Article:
Everyone in Washington loves to talk up the middle class. So it might be tempting to ask whether the president is pandering here. In other words, is "middle-out economics" even a real thing? A theory backed by data and serious economic research?
Well, yes. It is.
The phrase "middle-out" doesn't trace back to an economist. It was coined by authors Eric Liu and Nick Hanauer, the latter being a super-rich entrepreneur who has made waves in the past two years by pushing the idea that average workers, and not wealthy guys like him, are the real "job creators." (If you'd like to read several thousand words on Hanauer, and on the theories and data I'm about to break down for you, check out this magazine profile I wrote in 2012.)
Still, there's plenty of economic evidence that support the basic tenants of "middle-out" theory. (There's also skepticism, from the right and even from the left; New York Times columnist Paul Krugman, a Nobel-winning economist, has written that he sees no compelling argument against the idea that you could run an economy based around, essentially, a bunch of yacht-makers serving a few very rich yacht-buyers.)
"Middle-out" is an emerging area of study, with nowhere near the literature - for or against its conclusions — that has built up around its counterpart, "trickle-down" economics. Some of the best compilation work has come from the liberal Center for American Progress think tank, but the underpinning studies aren't ideological at all. Here, from those studies, are some of the best arguments for why economies do better when the middle class is stronger.
*A strong middle class boosts economic growth. Two major studies a decade apart reach this conclusion. In a 2001 paper for the World Bank, economist William Easterly studied the performance of economies across time and borders and found "a higher share of income for the middle class" to be "empirically associated with higher income and higher growth" in a country. A pair of International Monetary Fund economists found in a 2011 paper that countries with lower income inequality tend to experience more sustained periods of growth. Why? In large part, political stability. It's better for your economy if the poor aren't rioting — or if the rich aren't investing large amounts of their money in home security.
*It nurtures entrepreneurs. One of the strengths of the U.S. economy has typically been Americans' willingness to take risks, start companies and seek innovative new solutions to human problems. Those risk-takers were very, very rarely born very rich or very poor. A landmark study by the Ewing Marion Kauffman Foundation found that more than 90 percent of all American entrepreneurs came from middle-class or lower-middle-class backgrounds. Growing up in the middle class appears to provide the right combination for successful entrepreneurship: a hunger to start your own business and the educational and economic opportunities to give you the skills to pull it off.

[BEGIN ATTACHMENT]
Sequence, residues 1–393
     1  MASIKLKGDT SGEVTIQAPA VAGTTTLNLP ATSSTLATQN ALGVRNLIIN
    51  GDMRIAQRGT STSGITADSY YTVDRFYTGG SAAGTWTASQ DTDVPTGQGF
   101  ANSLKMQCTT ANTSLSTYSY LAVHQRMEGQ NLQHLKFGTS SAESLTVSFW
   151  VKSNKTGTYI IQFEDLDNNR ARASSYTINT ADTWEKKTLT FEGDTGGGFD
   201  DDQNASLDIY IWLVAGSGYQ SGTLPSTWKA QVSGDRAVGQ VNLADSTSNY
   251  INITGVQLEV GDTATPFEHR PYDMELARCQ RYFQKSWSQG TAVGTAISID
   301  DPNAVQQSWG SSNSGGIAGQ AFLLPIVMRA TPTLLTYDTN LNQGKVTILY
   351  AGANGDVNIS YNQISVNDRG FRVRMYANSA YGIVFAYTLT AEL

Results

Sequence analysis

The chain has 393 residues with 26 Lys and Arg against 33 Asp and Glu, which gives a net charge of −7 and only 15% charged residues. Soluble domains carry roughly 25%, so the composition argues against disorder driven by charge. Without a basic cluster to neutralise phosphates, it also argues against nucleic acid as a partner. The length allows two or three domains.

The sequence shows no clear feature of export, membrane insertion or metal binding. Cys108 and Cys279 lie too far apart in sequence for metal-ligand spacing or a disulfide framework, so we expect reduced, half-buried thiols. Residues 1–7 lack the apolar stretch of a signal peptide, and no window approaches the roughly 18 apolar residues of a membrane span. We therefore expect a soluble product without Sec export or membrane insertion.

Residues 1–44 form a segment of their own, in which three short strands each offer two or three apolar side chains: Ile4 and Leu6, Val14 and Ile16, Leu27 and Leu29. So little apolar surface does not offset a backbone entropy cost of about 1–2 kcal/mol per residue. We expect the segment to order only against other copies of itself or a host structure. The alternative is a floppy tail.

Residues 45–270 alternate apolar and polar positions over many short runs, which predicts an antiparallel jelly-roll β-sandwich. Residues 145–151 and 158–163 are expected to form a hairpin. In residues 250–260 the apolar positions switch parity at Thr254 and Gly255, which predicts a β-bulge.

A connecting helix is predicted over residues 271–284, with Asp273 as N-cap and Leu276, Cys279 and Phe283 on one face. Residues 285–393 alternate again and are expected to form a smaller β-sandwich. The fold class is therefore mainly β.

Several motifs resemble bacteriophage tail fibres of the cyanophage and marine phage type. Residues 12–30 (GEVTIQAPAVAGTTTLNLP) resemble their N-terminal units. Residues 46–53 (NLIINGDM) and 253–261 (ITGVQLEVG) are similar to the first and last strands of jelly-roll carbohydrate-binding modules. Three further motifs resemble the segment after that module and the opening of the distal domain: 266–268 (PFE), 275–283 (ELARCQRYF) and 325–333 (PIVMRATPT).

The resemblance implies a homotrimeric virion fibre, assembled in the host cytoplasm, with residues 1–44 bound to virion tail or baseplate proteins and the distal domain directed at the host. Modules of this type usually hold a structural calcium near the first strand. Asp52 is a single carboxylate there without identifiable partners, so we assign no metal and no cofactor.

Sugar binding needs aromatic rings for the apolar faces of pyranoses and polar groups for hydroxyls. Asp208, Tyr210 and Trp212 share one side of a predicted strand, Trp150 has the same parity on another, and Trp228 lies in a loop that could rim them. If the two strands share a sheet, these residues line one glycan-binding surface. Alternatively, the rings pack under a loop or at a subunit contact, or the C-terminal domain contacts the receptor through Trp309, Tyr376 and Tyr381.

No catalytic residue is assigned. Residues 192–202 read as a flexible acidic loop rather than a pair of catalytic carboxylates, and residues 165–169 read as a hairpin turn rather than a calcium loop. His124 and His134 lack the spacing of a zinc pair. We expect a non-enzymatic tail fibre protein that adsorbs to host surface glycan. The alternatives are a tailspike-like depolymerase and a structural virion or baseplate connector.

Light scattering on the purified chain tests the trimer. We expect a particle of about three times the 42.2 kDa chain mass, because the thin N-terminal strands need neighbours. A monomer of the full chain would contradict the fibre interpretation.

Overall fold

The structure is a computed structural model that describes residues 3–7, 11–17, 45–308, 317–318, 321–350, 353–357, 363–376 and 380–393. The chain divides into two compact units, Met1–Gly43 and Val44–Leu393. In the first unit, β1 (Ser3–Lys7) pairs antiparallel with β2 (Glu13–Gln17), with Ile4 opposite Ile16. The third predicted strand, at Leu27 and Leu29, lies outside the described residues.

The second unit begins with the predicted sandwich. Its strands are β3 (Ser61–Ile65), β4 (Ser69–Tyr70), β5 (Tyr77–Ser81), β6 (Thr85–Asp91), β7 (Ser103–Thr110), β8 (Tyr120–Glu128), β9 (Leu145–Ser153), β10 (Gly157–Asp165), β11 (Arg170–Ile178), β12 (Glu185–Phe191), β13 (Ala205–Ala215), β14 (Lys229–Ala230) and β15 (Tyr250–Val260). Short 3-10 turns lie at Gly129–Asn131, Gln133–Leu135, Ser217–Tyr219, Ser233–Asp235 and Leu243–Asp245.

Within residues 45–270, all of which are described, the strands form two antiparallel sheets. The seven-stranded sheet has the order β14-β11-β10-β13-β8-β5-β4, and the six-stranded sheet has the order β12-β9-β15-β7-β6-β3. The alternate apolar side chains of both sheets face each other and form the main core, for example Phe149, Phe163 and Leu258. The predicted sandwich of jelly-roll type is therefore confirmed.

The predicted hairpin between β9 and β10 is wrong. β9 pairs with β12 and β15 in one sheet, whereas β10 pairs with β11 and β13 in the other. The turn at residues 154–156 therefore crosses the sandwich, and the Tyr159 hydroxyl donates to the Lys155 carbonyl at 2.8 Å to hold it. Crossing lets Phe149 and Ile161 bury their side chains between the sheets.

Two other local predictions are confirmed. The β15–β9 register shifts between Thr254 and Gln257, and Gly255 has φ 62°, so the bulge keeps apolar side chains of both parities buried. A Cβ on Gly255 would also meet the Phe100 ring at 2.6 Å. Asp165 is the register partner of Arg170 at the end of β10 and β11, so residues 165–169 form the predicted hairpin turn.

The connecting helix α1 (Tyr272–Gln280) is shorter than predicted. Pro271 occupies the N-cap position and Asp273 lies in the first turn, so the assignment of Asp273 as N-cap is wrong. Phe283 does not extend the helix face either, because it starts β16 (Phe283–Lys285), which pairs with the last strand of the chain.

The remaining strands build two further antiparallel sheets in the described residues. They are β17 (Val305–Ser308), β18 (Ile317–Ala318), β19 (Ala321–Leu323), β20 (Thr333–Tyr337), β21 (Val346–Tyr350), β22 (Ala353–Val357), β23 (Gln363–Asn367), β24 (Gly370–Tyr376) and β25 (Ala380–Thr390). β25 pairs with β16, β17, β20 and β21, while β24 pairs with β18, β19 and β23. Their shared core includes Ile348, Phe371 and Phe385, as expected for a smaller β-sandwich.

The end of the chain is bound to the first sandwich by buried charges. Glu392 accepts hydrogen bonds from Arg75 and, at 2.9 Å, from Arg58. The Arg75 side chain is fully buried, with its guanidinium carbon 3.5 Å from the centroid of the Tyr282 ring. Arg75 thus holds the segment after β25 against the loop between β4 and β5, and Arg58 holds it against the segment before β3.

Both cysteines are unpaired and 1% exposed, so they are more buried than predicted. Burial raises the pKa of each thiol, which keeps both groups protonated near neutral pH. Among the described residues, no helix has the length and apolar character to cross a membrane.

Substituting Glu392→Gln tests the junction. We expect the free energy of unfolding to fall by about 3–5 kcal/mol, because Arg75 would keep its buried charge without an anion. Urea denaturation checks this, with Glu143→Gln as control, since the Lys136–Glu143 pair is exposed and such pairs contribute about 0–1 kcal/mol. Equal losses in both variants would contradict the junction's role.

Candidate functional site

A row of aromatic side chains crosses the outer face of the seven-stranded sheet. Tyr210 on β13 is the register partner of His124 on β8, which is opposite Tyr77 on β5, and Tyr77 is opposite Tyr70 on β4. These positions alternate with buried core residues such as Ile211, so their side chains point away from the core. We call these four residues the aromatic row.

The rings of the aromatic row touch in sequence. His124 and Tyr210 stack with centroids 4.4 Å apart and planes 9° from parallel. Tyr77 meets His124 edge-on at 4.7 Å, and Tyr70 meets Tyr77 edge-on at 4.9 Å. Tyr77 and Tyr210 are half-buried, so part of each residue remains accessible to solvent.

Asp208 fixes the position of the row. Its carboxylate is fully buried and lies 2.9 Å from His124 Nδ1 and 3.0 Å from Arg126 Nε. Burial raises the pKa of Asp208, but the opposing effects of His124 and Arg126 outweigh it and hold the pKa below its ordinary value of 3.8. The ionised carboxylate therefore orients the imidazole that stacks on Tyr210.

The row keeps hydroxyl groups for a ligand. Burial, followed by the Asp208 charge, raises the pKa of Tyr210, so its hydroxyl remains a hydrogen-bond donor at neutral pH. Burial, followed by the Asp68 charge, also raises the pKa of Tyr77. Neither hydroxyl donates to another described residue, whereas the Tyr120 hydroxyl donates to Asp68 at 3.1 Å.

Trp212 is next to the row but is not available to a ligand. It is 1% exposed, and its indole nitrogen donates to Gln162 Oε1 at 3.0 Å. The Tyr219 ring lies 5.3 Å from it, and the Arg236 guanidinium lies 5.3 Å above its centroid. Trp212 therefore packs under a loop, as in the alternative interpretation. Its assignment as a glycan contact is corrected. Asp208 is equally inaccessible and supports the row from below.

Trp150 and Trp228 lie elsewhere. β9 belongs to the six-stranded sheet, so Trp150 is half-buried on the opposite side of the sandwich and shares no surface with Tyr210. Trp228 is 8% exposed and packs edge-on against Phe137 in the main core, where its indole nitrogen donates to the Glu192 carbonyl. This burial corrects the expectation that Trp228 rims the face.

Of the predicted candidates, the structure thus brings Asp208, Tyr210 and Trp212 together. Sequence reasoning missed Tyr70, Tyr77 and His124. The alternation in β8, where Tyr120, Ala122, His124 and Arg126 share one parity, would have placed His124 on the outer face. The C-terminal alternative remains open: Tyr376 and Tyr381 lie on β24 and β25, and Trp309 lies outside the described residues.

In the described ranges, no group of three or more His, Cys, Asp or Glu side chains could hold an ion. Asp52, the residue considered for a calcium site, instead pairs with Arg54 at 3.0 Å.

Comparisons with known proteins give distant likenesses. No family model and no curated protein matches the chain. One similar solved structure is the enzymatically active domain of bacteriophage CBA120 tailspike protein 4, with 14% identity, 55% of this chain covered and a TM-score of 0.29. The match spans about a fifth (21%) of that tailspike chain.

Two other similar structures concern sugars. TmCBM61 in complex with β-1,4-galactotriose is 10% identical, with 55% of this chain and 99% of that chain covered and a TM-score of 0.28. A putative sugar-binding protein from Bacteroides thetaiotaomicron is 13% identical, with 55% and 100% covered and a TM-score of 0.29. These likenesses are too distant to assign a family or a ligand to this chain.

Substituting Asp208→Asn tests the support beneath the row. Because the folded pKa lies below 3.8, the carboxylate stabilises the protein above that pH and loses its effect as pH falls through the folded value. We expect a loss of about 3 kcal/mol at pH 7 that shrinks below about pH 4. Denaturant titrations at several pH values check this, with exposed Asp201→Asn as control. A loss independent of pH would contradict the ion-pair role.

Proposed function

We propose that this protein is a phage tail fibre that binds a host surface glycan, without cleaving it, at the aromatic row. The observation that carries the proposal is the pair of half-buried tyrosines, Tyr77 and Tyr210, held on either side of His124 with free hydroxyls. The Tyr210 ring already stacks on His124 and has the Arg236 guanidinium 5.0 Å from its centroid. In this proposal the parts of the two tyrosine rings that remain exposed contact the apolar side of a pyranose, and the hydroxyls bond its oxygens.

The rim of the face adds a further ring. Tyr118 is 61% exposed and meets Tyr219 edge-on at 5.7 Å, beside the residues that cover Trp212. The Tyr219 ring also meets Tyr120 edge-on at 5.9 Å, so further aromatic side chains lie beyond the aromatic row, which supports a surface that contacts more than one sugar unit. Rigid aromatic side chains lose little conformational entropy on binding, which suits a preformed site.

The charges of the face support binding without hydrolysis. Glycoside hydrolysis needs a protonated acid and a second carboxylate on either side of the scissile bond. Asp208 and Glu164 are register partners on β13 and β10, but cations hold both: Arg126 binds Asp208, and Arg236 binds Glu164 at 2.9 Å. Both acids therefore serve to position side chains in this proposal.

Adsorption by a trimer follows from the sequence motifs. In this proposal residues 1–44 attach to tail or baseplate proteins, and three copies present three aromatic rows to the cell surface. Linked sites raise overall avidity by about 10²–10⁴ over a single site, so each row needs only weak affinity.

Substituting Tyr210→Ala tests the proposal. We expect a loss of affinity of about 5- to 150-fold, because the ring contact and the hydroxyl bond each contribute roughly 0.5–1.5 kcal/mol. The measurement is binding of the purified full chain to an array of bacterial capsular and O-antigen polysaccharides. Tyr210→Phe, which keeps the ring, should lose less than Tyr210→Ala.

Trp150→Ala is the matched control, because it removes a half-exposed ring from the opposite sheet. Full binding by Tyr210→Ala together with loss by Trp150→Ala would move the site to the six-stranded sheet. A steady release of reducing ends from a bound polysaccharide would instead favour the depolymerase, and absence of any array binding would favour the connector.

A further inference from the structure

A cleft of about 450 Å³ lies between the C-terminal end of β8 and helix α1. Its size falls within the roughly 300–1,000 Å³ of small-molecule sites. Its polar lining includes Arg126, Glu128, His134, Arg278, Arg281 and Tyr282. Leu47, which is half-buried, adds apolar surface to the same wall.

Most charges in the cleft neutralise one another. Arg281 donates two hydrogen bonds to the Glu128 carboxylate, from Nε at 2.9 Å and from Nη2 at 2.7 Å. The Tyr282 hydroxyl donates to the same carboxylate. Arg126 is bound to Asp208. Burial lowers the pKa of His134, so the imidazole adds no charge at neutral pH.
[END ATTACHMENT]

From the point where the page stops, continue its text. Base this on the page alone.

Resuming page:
*It stabilizes consumption. There's a huge debate among economists — including between Krugman and fellow Nobelist Joseph Stiglitz — about whether less-wealthy people spend less, per dollar in their pockets, than wealthy people. A good new paper from this spring, from a trio of economists led by Christopher Carroll of Johns Hopkins, argues the case that the so-called "marginal propensity to consume" is higher for poorer people than wealthier ones, and it implies that the best way to stimulate growth is to get more money in the hands of those poorer people, who will spend it more readily, spurring economic activity.
*It reduces the risk of financial crises. Other studies show the dangers of less-wealthy people borrowing beyond their means in order to keep up with an increasingly flush wealthy class, implying that more evenly distributed wealth helps stave off, say, financial crises. Which remains a very important goal today, even if some Americans appear to be forgetting why.
It's important to note that "trickle-down" economics is, in a way, about the middle-class, too — it's the idea that when you direct more income to wealthy people, usually in the form of tax cuts, they'll use that extra money to create jobs for middle-class Americans to work in. Part of the rise of "middle-out" theory is a reaction to the results of trickle-down policies over the last few decades.
Polls show Americans don't like those policies, and economic data show the middle-class stagnated under them. That stagnation has continued under Obama, and in some ways worsened. The challenge of his "middle-out" message isn't just spelling out how a weakened middle class has hurt the economy overall — it's finding policies that will finally reverse the trend.